Toward uniform structurization of solid catalysts for achieving high performance and for better understanding of catalysis

Sulfated zirconia and titania supported V-W-O are well-known as catalysts of super solid acid and for NH3-SCR, respectively. Since the developments of these catalysts in the last three decades, extensive fundamental research has been conducted for understanding the origin of their catalysis. However, the understanding has not reached definite level mainly due to that these catalysts are supported form and poor uniformity around catalytical active sites. Meanwhile, we recently obtained a new crystalline zirconium sulfate Zr3SO9 by hydrothermal synthesis and found this material showed extremely high performance as super solid acid superior to the conventional supported catalyst.  Similarly, we obtained a new crystalline W4V2TiO19 having a microporous structure which showed much low working-temperature performance than conventional supported catalysts. The most prominent point common for the two catalysts is that the crystalline catalysts showed activity as prepared, while the conventional ones always need high temperature calcination.  Therefore, it can be said that catalytically active sites in these crystalline catalysts were synthetically generated but not prepared.  In addition, crystalline catalysts may help us to better understanding of active sites because of their uniformity.

Biography

Wataru Ueda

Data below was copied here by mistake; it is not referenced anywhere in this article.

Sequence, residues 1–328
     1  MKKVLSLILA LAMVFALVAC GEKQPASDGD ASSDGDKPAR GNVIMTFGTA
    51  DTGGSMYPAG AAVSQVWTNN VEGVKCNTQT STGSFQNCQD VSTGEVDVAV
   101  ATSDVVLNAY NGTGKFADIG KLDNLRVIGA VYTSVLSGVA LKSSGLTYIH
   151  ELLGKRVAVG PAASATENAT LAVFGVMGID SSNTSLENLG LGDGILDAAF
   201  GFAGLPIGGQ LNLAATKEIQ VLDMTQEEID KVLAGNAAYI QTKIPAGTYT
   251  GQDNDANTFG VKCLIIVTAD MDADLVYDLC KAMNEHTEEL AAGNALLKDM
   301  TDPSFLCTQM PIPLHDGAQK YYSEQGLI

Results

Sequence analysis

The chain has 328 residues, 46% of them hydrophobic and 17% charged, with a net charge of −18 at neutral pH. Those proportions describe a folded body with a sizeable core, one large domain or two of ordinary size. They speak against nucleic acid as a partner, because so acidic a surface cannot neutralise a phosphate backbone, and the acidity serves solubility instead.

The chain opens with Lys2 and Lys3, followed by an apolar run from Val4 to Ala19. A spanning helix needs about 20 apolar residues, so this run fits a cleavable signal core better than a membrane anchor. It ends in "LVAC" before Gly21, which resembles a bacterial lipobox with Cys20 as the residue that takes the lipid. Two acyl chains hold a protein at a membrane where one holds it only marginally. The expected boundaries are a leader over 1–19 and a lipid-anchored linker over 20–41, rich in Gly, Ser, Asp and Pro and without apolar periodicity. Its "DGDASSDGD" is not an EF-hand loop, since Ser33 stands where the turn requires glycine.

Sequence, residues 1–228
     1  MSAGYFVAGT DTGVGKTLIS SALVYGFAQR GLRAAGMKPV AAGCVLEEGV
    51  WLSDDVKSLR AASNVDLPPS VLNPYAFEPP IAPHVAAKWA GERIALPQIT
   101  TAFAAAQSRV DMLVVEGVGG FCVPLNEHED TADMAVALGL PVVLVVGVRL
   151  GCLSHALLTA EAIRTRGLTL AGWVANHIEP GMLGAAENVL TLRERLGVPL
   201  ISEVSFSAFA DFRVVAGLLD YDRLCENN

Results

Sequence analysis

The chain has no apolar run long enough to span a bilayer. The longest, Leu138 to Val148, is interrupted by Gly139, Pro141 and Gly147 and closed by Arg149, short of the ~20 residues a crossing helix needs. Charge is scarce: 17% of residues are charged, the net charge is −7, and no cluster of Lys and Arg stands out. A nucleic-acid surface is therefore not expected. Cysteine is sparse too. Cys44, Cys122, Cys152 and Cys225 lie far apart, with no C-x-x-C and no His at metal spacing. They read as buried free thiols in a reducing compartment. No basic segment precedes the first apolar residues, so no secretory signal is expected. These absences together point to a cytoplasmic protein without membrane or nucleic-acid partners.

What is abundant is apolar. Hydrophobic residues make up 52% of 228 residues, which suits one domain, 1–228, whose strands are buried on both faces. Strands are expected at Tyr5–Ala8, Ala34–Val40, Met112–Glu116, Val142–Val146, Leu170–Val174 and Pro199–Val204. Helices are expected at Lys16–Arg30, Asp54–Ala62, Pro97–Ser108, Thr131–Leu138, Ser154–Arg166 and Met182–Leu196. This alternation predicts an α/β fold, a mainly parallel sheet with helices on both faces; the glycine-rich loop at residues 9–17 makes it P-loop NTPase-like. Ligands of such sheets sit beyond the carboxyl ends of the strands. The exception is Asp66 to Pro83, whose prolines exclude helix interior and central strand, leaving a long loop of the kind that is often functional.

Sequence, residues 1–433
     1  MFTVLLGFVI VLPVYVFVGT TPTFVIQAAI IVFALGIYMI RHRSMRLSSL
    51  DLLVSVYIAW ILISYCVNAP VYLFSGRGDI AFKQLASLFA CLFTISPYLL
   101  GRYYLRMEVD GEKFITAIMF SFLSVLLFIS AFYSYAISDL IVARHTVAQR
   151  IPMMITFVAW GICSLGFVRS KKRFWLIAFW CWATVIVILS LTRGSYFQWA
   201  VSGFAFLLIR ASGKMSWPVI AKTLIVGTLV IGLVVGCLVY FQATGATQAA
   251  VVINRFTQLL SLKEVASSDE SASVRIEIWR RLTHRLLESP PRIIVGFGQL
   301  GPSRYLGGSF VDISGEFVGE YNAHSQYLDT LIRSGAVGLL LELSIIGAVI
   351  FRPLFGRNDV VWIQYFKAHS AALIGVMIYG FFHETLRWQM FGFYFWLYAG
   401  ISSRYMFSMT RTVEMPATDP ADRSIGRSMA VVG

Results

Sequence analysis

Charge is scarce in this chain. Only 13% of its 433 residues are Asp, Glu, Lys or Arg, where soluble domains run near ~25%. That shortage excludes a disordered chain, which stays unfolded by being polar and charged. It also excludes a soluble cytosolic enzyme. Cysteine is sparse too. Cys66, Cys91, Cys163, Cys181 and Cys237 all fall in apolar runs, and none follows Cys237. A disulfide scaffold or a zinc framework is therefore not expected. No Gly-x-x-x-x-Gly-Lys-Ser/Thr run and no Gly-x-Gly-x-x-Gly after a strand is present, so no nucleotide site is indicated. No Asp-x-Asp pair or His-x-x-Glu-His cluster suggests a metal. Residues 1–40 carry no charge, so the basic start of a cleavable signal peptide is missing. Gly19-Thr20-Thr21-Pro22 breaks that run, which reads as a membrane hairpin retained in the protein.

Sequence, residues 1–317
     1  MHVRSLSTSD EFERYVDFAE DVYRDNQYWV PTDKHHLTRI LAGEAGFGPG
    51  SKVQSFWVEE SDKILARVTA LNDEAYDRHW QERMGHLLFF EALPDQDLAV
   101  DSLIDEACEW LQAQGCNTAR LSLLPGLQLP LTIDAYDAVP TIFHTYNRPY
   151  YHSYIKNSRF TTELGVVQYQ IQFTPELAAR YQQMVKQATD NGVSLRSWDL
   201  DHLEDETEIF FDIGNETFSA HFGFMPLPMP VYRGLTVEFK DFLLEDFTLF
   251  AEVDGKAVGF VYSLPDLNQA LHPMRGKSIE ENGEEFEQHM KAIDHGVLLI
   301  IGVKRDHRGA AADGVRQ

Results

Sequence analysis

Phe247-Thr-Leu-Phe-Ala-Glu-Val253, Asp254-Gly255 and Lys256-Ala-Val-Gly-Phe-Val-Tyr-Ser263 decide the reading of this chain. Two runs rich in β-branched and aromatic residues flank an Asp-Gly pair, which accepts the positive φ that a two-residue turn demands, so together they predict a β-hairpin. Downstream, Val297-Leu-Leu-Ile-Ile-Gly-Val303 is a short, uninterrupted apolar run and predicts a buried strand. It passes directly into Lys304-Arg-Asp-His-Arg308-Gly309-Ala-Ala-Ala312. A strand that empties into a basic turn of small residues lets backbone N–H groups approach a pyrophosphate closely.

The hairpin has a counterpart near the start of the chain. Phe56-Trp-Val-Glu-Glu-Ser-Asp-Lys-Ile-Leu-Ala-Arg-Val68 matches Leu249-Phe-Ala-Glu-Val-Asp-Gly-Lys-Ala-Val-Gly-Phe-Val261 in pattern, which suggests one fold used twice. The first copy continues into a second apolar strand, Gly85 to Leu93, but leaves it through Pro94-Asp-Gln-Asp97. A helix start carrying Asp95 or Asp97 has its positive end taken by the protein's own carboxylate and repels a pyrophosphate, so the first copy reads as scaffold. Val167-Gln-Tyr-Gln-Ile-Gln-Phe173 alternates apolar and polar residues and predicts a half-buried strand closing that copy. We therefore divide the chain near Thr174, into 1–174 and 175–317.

Dr Wataru Ueda is a specially appointed professor in the Faculty of Chemistry and Biochemistry at Kanagawa University and also an emeritus professor of Hokkaido University. He obtained a PhD from the Tokyo Institute of Technology(TIT) in 1981 and then started catalysis researches as a research associate at the Research Laboratories of Resources Utilization in TIT. In 1985-1987 he was a Ramsey memorial fellow at the Department of Physical Chemistry, Cambridge University and Royal Institution, UK, working with Prof. J. M. Thomas. In 2001, he promoted to professor of the Catalysis Research Center, Hokkaido University and from 2006 to 2010 he was the director of the center. In 2011 he served as the president of Catalysis Society of Japan and from 2012 to 2014 the president of Japanese Petroleum Institute. He has been contributing as a EAB member to UK catalysis Hub and as a Fachbeirat for Frits-Haber-Institute de Max-Planck-Gesellschaft Berlin.¬†¬†He is a leader of the research community of solid-state metal oxide catalysis and initiated various research projects. He directed the JST-CREST project named ‚ÄúInnovative Catalysts‚ÄĚ for 9 years.

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